Name: _______________________________________ Please print and include name on each sheet. Level of Practice:_______________________________ Department: __________________________________ Date: ________________________________________

For each of the ECGs below document your interpretation and rationale for that interpretation. 1.

Interpretation:____________________________________________________________ Rationale: _______________________________________________________________

NAME _______________________________________________

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Interpretation:____________________________________________________________ Rationale: _______________________________________________________________

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Interpretation:____________________________________________________________ Rationale: _______________________________________________________________

NAME ___________________________________________________

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Interpretation:____________________________________________________________ Rationale: _______________________________________________________________

5.

Interpretation:____________________________________________________________ Rationale: _______________________________________________________________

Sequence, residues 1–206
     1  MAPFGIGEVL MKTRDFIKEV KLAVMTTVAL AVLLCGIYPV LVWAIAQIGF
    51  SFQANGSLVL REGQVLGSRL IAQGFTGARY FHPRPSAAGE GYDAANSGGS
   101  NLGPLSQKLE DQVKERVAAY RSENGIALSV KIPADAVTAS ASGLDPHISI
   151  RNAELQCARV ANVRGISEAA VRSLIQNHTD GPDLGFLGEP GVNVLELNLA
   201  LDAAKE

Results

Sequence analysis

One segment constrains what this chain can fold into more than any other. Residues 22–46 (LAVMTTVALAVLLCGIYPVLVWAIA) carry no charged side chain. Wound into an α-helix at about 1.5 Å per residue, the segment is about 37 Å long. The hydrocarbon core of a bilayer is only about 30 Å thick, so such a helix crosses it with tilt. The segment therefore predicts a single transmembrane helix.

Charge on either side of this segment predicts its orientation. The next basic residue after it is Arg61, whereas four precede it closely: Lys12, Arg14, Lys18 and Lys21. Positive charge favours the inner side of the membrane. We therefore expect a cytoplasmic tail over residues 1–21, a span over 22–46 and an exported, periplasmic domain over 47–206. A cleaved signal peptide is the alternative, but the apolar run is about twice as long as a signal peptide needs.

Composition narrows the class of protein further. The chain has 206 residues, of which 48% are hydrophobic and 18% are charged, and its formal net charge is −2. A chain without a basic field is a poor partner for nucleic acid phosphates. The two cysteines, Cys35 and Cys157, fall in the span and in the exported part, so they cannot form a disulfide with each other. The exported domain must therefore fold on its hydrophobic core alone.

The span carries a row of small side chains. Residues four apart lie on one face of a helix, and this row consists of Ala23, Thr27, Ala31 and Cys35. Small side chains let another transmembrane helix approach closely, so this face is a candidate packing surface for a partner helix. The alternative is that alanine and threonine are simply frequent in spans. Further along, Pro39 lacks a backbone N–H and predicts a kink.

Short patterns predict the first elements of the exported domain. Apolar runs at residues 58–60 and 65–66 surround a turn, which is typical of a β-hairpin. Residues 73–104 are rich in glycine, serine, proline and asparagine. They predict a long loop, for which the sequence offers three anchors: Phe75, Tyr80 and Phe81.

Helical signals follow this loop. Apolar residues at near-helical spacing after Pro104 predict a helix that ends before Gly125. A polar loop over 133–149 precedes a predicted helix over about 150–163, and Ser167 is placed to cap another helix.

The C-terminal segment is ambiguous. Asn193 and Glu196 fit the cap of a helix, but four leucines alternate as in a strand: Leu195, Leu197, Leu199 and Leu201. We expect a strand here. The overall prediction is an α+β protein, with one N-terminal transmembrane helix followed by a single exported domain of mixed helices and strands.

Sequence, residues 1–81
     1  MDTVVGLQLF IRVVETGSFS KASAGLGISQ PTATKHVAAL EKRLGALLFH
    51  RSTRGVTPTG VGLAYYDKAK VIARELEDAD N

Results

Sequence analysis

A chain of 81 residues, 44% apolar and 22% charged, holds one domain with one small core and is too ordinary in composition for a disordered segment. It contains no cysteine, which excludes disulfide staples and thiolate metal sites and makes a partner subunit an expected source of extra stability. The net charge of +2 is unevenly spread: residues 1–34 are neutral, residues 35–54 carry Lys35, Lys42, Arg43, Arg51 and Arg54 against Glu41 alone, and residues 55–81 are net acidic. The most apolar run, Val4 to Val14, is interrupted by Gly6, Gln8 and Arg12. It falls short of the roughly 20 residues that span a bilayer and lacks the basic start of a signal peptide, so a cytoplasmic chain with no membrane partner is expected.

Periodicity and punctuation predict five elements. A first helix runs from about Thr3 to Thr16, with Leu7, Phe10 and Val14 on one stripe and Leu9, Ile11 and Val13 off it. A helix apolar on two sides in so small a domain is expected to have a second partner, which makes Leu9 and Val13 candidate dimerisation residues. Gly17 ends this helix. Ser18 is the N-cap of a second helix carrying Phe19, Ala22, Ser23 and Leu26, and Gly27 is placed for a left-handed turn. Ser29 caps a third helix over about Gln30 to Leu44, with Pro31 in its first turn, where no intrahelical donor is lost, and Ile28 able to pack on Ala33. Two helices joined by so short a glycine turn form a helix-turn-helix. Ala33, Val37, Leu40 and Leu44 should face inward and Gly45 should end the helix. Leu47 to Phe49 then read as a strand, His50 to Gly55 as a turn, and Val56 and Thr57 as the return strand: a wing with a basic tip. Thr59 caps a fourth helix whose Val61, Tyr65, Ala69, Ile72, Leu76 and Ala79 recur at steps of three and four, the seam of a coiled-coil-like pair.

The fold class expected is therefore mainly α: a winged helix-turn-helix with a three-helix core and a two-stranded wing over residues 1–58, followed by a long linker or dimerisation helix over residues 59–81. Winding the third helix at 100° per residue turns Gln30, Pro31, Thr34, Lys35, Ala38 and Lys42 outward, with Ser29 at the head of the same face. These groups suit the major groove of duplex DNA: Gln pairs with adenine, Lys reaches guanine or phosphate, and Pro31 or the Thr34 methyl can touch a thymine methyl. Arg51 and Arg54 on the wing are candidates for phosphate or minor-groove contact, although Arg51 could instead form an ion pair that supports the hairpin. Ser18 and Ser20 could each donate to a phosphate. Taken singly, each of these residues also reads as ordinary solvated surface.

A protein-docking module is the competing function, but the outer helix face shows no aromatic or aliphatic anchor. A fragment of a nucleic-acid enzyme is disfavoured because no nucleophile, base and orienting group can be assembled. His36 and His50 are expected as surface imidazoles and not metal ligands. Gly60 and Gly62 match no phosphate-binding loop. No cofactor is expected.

NAME ______________________________________________________

6.

Interpretation:____________________________________________________________ Rationale: _______________________________________________________________

7.

Interpretation:____________________________________________________________ Rationale: _______________________________________________________________

NAME ______________________________________________

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Interpretation:____________________________________________________________ Rationale: _______________________________________________________________

THIS QUIZ IS MANDATORY FOR ALL PRIMARY AND PROBATIONARY ALS PROVIDERS. TO REMAIN CURRENT WITHIN THE MCHENRY WESTERN LAKE COUNTY EMS SYSTEM, THIS QUIZ MUST BE RECEIVED BY THE EMS OFFICE NO LATER THAN MONDAY, FEBRUARY 28, 2011. THE QUIZ CAN BE SENT OR FAXED TO THE EMS OFFICE (FAX NUMBERS: 815/759-8061 OR 8045.) WHEN FAXING, IT IS YOUR RESPONSIBILITY TO CALL THE EMS OFFICE AT 815/759-8040 TO CONFIRM THE FAX WAS RECEIVED. ALWAYS KEEP A COPY OF YOUR QUIZ FOR YOUR PERSONAL FILE. A LATE FEE OF $25.00 WILL BE CHARGED FOR ANY QUIZZES RECEIVED AFTER MIDNIGHT, FEBRUARY 28, 2011.